The IBM Wiz Kid’s Work on Cancer
Watson’s foray into oncology is only the first baby step toward applying “big data” to thorny medical problems.
As this giant Jeopardy-winning supercomputer continues its venture into medicine, it’s fascinating to watch, but I continue to scream “WAKE UP!!” to anyone at IBM who’ll listen, because I think there’s a vast opportunity that’s not being pursued. And we need it! (I’m quoted at the end of the article, opining on this.)
What they’re doing
I love that they’re exposing Watson to gobs and gobs of previous cases, as the article describes, so it can sniff for patterns. If there’s one thing a well programmed computer can do, it’s sniff for familiar patterns.
And I love that they’re using it to suggest diagnoses and treatments to the doctor, not make diagnoses or recommendations. (I’ve long said that I doubted IBM’s lawyers would want to be anywhere near liability for a wrong diagnosis and its consequences!) An “information-suck-and-sort” machine should do just that.
(At least for today. Who knows what we’ll think in a few years; I’m not in a position to predict.)
What they’re not doing (yet)
But I have a problem with how they’re limiting Watson’s info-sucking: they’re only letting it look at things that have been approved by the establishment. That means it will always fall short of what a smart patient community knows. Oops.
In my speeches I always talk various ways that a smart patient community knows things that haven’t filtered out to the establishment – and I want Watson to be as smart as those patients. For instance:
- As used today, Watson will always fail to know about new research that’s not out yet. e-Patients founder “Doc Tom” Ferguson called this “The lethal lag time.” Smart patient communities know these papers because they talk to the researchers; Watson doesn’t.
- As used today, Watson only knows about professional information.
- If the literature’s out of date, so is Watson. This is no small issue for me: the treatment I got for my kidney cancer is never mentioned to 3/4 of kidney cancer patients because the literature is out of date. The smart patient community knows this, but a robot that only sniffs where it’s told will get out-Jeopardy’d by patients who don’t have blinders.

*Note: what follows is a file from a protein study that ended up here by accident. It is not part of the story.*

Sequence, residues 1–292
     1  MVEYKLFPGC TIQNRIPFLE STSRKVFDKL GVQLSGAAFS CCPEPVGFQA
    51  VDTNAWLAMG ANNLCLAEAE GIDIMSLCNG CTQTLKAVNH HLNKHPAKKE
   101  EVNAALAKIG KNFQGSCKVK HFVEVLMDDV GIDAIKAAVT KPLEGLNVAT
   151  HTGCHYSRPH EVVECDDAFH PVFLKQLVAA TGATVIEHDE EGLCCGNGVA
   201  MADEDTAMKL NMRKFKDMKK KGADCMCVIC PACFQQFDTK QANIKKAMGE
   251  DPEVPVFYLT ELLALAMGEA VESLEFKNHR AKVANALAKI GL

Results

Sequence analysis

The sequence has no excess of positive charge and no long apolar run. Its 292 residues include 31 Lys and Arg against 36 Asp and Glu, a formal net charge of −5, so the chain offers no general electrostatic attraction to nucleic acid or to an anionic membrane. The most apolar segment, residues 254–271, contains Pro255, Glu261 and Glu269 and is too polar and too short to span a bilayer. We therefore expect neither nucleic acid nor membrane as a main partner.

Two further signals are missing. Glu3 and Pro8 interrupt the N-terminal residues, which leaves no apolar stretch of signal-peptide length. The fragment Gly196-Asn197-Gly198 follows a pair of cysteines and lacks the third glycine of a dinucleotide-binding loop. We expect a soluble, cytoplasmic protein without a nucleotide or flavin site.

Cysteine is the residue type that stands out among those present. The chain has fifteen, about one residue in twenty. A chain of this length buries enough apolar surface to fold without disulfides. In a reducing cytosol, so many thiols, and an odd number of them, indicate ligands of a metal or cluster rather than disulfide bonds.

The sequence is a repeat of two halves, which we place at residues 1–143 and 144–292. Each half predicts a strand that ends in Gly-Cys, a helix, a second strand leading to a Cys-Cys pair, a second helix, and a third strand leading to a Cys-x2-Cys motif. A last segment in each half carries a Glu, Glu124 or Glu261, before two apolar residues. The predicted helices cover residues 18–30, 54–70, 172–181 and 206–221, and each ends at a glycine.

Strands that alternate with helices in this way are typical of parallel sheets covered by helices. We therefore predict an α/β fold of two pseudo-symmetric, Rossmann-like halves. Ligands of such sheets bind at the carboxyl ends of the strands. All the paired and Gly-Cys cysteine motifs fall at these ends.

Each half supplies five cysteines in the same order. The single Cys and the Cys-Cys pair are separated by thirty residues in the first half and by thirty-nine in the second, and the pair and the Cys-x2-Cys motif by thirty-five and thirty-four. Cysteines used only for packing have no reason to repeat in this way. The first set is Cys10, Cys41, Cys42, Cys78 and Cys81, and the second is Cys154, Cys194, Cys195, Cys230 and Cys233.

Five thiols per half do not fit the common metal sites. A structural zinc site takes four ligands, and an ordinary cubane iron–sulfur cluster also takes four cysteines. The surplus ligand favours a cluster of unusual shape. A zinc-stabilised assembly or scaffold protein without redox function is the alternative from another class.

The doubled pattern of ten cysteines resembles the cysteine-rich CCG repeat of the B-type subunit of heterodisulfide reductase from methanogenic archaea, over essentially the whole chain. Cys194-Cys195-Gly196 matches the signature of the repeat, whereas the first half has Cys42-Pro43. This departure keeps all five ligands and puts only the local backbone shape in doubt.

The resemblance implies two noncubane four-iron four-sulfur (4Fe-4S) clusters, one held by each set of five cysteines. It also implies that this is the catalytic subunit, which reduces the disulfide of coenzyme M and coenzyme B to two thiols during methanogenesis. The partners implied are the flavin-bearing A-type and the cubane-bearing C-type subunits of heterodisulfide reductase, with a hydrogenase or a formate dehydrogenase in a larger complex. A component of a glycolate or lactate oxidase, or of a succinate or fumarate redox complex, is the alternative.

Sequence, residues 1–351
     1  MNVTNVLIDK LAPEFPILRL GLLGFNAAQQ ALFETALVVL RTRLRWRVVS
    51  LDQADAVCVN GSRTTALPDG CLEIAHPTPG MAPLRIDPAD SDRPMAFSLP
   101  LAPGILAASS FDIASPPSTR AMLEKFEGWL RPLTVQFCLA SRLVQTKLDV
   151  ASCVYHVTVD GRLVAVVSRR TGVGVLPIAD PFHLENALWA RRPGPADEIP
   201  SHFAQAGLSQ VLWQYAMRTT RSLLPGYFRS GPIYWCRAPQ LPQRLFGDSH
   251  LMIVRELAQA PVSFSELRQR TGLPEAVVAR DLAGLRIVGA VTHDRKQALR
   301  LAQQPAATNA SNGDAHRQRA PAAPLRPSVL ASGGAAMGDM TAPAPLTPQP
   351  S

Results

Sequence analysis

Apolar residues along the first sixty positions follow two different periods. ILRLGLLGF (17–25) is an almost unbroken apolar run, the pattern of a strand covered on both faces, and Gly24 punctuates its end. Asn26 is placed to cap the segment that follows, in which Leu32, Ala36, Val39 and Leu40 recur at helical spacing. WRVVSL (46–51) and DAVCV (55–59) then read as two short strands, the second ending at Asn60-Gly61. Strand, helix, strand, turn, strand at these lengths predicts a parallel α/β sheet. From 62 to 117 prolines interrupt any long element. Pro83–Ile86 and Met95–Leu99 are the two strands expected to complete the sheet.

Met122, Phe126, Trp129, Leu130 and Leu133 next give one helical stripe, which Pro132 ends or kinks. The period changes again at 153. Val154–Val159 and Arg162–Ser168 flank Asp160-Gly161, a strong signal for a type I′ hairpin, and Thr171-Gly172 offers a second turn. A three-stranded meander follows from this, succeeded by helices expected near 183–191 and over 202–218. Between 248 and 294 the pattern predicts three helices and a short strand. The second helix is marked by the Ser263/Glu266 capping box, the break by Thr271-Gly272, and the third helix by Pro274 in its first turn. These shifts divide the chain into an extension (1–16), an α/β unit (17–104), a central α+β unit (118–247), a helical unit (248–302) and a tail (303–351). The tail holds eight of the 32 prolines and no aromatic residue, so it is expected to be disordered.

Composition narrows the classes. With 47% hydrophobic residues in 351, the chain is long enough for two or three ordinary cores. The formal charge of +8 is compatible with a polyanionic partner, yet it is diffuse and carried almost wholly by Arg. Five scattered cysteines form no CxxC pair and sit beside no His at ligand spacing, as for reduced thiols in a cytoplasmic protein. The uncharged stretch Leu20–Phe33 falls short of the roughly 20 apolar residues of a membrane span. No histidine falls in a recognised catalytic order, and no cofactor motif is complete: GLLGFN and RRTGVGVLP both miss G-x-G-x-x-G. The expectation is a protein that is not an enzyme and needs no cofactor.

- It’s blind to side effects that didn’t appear in the research. Hobson cites a good example from one of Watson’s own “family”:
Herbert Chase, professor of clinical medicine in biomedical informatics at Columbia University’s College of Physicians and Surgeons and a member of Watson’s advisory board.
Chase offers a personal example: He started taking Lipitor and experienced insomnia, but found no mention of that side effect in the literature. Patients on blogs were all over it.
- It’s blind to knowledge that doesn’t interest researchers. In my case, coping with side effects may have saved my life. (My oncologist says so.) Patient communities are all over this stuff – but even six years later there isn’t a shred of literature on the subject.
- Does Watson take into account the relative strength of the evidence in a paper? For instance, does it give more credence to a study that’s been repeated by an independent lab?
- Did you know most published studies have never been repeated by another lab? It should make you nervous, because it means you’re the second lab. Smart patient communities know this.
In short, I might say: It’s great that Watson serves the established way of doing medicine – but wouldn’t it be even better if Watson blew the lid off the establishment? If it went beyond what the best doctors know, and included what patients talk about, too?
So I was thrilled that the article ends thus:
For patients like [deBronkart], the lag between finishing a study and seeing it published can be deadly, he says, so what’s needed is to unleash Watson and its ilk to harvest this early, more tentative knowledge. He envisions a tool that reveals a potentially life-saving tidbit shared by a researcher “last Tuesday in Budapest, on slide 27 of his presentation.”
Why not?? If the slides are already posted on Slideshare, Watson can easily find them, right??
Hey Watson! Let patients help!